A Day at Rocky Hill: Field Sparrow

This is from a series of posts by MABA resident artist Barry Van Dusen

Rocky Hill Wildlife Sanctuary, Groton on April 15, 2015

A breezy, sunny day as I found my way to the new trailhead at Rocky Hill Wildlife Sanctuary in Groton.  I had read about the heron colony there, and knew the birds would be sitting on eggs about now.

As I neared the power line crossing on the way to the heronry, I heard the clear, plaintive notes of a field sparrow.  I located the bird singing from a shrub under the power lines and got a scope on it quickly to do some drawings.

Field Sparrow Studies, Rocky Hill - at 72 dpi

sketchbook page, 9″ x 12″

In Ken Kaufman’s bird guide he uses the term “baby-faced” to describe the facial expression of this species.  It’s an apt description, and I strove to get that sweet, innocent expression in my drawings.  Field sparrow habitat is shrinking in New England and I encounter them much less frequently these days.  Power line cuts, with their predominance of shrubs and other early successional growth, seem to be one of the most reliable places to find them.  This bird was singing from a withe-rod, so I detailed the distinctly shaped pinkish-tan flower buds and “Y” shaped twig configuration.   In this watercolor (done back in my studio), I also wanted to convey the soft, high-key colors of early spring in New England.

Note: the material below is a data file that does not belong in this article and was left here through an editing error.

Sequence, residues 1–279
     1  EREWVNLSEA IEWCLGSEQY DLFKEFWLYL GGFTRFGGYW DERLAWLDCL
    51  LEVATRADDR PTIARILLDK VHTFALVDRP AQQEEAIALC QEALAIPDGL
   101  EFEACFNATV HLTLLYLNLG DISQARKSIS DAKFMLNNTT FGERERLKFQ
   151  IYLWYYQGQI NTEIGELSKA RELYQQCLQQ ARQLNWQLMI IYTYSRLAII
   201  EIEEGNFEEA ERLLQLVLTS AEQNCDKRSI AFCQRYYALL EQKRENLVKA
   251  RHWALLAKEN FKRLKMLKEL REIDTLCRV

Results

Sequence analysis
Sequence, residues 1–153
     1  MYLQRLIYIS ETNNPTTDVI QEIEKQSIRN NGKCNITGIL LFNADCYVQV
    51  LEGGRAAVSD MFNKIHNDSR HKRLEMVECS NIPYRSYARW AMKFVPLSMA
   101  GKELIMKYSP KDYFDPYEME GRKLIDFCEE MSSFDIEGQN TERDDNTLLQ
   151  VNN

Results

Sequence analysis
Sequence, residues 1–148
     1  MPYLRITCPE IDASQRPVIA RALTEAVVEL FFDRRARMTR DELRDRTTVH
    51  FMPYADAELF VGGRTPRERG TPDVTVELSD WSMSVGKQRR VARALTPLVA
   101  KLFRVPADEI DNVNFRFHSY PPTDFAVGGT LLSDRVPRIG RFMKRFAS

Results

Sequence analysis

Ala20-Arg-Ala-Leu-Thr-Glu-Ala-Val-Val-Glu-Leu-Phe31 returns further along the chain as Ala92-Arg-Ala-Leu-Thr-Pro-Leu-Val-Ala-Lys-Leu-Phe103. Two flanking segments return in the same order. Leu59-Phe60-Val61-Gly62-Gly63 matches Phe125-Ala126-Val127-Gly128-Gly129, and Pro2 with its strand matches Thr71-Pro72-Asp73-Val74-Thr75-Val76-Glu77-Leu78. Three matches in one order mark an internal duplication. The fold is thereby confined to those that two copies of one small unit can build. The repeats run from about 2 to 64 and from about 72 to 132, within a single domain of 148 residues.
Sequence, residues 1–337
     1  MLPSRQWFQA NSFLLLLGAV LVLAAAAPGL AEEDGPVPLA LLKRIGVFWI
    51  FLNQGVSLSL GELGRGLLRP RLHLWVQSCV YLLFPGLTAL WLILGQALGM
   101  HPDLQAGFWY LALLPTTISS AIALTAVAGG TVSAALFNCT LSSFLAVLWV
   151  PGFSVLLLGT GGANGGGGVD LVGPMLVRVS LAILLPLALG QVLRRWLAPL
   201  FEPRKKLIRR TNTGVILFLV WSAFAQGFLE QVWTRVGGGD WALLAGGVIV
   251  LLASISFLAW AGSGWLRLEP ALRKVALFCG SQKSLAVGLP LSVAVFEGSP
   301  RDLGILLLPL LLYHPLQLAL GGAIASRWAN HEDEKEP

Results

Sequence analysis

Field Sparrow in Withe-rod, Rocky Hill, Groton - at 72 dpi

Field Sparrow in Withe-rod, watercolor on Lana hot-press, 14″ x 10.25″

To learn more about their natural history, check out this post by Sean Kent


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